It’s that time of year again when we look back and remember those who gave so much to enable us to be where we are today. When we were children, Dad always made us watch the Memorial service. On a black and white TV, I recollect grainy images of old men and women walking solemnly past the Cenotaph, and Dad telling us that we had to be very grateful because they had been through so much to give us freedom… and I didn’t really know what he meant by freedom, just knew it must be important.
Dad was in the Navy at the end of WW2 and spoke, with great warmth, of the comradeship and spirit that was so much a part of that time. My brother was in the RAF, posted abroad and even briefly in Ireland and he also refers to the sense of working closely together to a common purpose.
Another memory comes back, of a man called Alan, who ran the sweetshop in Southport near our Nana’s. His face was dreadfully scarred from burns he had suffered in a fighter plane crash in WW2. We kids were scared of him because he looked so different – and yet he was such a kind man and it must have been very difficult for him to be always having people shy away when they saw his injuries.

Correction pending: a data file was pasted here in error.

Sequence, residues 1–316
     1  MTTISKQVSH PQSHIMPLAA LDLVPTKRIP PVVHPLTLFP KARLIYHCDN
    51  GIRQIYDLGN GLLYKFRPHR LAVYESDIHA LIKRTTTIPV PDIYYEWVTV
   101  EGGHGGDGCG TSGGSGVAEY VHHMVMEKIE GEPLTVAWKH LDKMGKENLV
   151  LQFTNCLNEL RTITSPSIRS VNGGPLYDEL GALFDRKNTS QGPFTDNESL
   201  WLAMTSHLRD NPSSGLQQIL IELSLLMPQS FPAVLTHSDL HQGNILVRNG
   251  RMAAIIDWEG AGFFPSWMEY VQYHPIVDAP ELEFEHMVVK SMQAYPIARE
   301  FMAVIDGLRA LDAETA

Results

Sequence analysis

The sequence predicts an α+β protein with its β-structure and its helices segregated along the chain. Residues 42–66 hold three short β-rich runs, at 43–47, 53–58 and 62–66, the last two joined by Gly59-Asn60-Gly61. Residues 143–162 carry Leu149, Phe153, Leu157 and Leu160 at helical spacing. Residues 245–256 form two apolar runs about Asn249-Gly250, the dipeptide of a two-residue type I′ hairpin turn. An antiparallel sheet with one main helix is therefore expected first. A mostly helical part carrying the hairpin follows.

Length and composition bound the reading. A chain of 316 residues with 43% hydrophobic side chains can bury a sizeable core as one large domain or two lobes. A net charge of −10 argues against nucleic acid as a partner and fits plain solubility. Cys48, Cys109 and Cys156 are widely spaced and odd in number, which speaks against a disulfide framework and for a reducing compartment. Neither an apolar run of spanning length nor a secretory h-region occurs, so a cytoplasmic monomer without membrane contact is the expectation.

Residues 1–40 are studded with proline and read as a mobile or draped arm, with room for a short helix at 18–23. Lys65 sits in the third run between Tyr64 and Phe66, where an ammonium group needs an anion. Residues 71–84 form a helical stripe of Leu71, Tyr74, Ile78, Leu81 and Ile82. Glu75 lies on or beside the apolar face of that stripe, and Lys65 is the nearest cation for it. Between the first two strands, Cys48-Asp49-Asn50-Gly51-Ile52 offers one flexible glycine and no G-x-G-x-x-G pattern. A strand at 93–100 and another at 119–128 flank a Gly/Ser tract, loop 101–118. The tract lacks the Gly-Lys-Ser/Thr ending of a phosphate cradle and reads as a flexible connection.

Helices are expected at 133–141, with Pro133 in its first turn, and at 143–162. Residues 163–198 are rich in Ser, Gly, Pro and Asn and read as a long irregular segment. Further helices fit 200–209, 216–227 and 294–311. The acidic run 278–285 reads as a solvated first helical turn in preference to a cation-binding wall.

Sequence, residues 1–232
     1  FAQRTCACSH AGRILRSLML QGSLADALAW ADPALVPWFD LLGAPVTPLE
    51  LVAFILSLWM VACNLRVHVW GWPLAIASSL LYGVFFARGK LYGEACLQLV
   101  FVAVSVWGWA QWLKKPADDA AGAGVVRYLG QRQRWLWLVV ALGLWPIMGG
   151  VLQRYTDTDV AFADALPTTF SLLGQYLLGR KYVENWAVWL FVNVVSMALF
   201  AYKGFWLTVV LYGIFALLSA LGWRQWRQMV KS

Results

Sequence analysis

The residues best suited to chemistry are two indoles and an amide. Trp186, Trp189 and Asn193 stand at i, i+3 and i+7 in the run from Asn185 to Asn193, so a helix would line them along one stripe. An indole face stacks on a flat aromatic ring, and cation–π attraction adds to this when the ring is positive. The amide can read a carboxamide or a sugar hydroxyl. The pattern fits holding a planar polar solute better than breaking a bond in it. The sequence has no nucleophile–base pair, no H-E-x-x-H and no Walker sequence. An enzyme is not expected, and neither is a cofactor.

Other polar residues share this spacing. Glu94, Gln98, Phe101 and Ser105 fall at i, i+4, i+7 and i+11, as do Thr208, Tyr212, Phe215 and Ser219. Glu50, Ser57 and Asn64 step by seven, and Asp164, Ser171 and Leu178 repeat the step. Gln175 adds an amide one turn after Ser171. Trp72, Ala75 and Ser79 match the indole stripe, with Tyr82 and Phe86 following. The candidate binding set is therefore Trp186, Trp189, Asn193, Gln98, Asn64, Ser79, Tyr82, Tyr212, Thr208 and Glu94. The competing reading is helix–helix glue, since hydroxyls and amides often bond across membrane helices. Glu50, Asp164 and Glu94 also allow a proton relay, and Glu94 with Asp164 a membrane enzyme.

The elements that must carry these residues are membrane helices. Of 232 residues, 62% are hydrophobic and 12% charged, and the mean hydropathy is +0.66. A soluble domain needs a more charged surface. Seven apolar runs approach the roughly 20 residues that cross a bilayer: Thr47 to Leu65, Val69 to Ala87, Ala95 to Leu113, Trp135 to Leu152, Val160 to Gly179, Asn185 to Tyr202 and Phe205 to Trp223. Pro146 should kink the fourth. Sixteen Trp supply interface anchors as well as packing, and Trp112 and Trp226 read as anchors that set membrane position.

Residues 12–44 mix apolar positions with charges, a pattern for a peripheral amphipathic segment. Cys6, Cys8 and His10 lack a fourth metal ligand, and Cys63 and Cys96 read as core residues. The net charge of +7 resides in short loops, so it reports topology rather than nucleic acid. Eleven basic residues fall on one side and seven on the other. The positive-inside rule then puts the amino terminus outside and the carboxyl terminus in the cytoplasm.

The famous verse that’s often read at memorial services and seen on gravestones throughout the world, was written by a Lancastrian called Laurence Binyon. It’s from a poem entitled ‘For The Fallen’
“They shall grow not old, as we that are left grow old:
Age shall not weary them, nor the years condemn.
At the going down of the sun and in the morning,
We will remember them.”
The past has a lot to share with us. In these days of fast food, instant gratification and the quick fix – it is worth remembering that some things are worth fighting for, take longer to achieve, but are so worth it all in the long run…